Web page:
Vehicles

Uber Ordered To Stop Self-Driving Tests In Arizona

uber fatal accident arizona stops self-driving tests

Following the terrible accident in which a self-driving Uber SUV killed a pedestrian in Tempe, Arizona, the state’s governor revoked Uber’s permission to test its cars. Uber had already suspended its testing of autonomous vehicles nationwide before Arizona’s ban, but given the state’s previously receptive nature to self-driving tests, this could be a bad omen.

In a statement by Arizona governor Doug Doucey as reported by The Wall Street Journal, he states, “My expectation is that public safety is also the top priority for all who operate this technology in the state of Arizona. The incident that took place on March 18 is an unquestionable failure to comply with this expectation.” This could spell trouble for Uber and the myriad of other companies hoping to put driverless cars on the road, even if those companies claim otherwise.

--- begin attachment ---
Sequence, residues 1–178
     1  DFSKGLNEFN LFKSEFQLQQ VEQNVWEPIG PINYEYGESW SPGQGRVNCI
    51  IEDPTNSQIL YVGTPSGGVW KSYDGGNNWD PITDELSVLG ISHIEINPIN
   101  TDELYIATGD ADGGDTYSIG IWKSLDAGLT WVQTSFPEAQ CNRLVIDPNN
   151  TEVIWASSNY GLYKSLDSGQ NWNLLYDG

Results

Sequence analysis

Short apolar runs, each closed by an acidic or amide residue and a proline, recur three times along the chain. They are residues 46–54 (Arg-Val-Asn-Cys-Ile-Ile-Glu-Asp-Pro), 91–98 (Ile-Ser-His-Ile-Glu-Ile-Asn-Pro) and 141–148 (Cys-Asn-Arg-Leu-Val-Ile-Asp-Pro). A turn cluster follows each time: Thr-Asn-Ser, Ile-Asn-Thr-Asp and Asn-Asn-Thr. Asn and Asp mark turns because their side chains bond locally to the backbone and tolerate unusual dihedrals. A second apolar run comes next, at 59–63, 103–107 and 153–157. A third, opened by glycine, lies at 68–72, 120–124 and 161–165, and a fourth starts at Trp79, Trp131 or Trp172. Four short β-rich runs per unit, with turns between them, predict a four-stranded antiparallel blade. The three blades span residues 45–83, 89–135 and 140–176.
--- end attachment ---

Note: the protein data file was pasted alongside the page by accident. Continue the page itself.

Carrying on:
Uber’s competitors Intel and Waymo have come forward to claim that their technology would not have had fatal consequences. Waymo’s chief executive, John Krafcik, told a crowd that “situations like that one – in this case a pedestrian or a pedestrian with a bicycle – we have a lot of confidence that our technology would be robust and would be able to handle situations like that one.”

Furthermore, Mobileye, a vision-based driver assistance systems branch from Intel, took to a blog post to analyze the dashboard camera footage from the crash.

“Despite the suboptimal conditions, where much of the high dynamic range data that would be present in the actual scene was likely lost, clear detection was achieved approximately one second before impact,” said the company after feeding the footage into their own system.

Although these companies claim their tech would have prevented the accident, the self-driving Uber had a test driver behind the wheel and neither human nor vehicle could swerve in time to avoid the pedestrian. As we last reported, even the police stated that the accident was “difficult to avoid.” Perhaps time, in addition to the advancing tech, is what’s needed to restore the authorities’ and people’s trust in self-driving vehicles and to reopen roads to these tests.

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